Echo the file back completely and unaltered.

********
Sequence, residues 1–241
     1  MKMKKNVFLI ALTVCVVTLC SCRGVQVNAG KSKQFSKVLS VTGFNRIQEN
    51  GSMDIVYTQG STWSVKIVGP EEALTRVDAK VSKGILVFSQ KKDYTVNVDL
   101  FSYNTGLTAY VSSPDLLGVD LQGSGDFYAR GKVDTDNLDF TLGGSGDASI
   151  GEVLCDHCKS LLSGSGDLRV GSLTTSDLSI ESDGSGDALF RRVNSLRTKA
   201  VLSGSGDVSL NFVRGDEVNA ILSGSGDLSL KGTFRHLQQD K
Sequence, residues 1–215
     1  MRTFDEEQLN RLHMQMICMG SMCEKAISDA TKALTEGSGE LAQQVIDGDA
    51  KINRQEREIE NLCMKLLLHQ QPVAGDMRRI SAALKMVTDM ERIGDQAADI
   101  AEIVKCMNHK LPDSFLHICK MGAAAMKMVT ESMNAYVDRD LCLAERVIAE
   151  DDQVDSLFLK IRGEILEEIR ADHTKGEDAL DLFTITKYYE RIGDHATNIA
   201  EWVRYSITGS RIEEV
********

Sequence, residues 1–241
     1  MKMKKNVFLI ALTVCVVTLC SCRGVQVNAG KSKQFSKVLS VTGFNRIQEN
    51  GSMDIVYTQG STWSVKIVGP EEALTRVDAK VSKGILVFSQ KKDYTVNVDL
   101  FSYNTGLTAY VSSPDLLGVD LQGSGDFYAR GKVDTDNLDF TLGGSGDASI
   151  GEVLCDHCKS LLSGSGDLRV GSLTTSDLSI ESDGSGDALF RRVNSLRTKA
   201  VLSGSGDVSL NFVRGDEVNA ILSGSGDLSL KGTFRHLQQD K
Sequence, residues 1–215
     1  MRTFDEEQLN RLHMQMICMG SMCEKAISDA TKALTEGSGE LAQQVIDGDA
    51  KINRQEREIE NLCMKLLLHQ QPVAGDMRRI SAALKMVTDM ERIGDQAADI
   101  AEIVKCMNHK LPDSFLHICK MGAAAMKMVT ESMNAYVDRD LCLAERVIAE
   151  DDQVDSLFLK IRGEILEEIR ADHTKGEDAL DLFTITKYYE RIGDHATNIA
   201  EWVRYSITGS RIEEV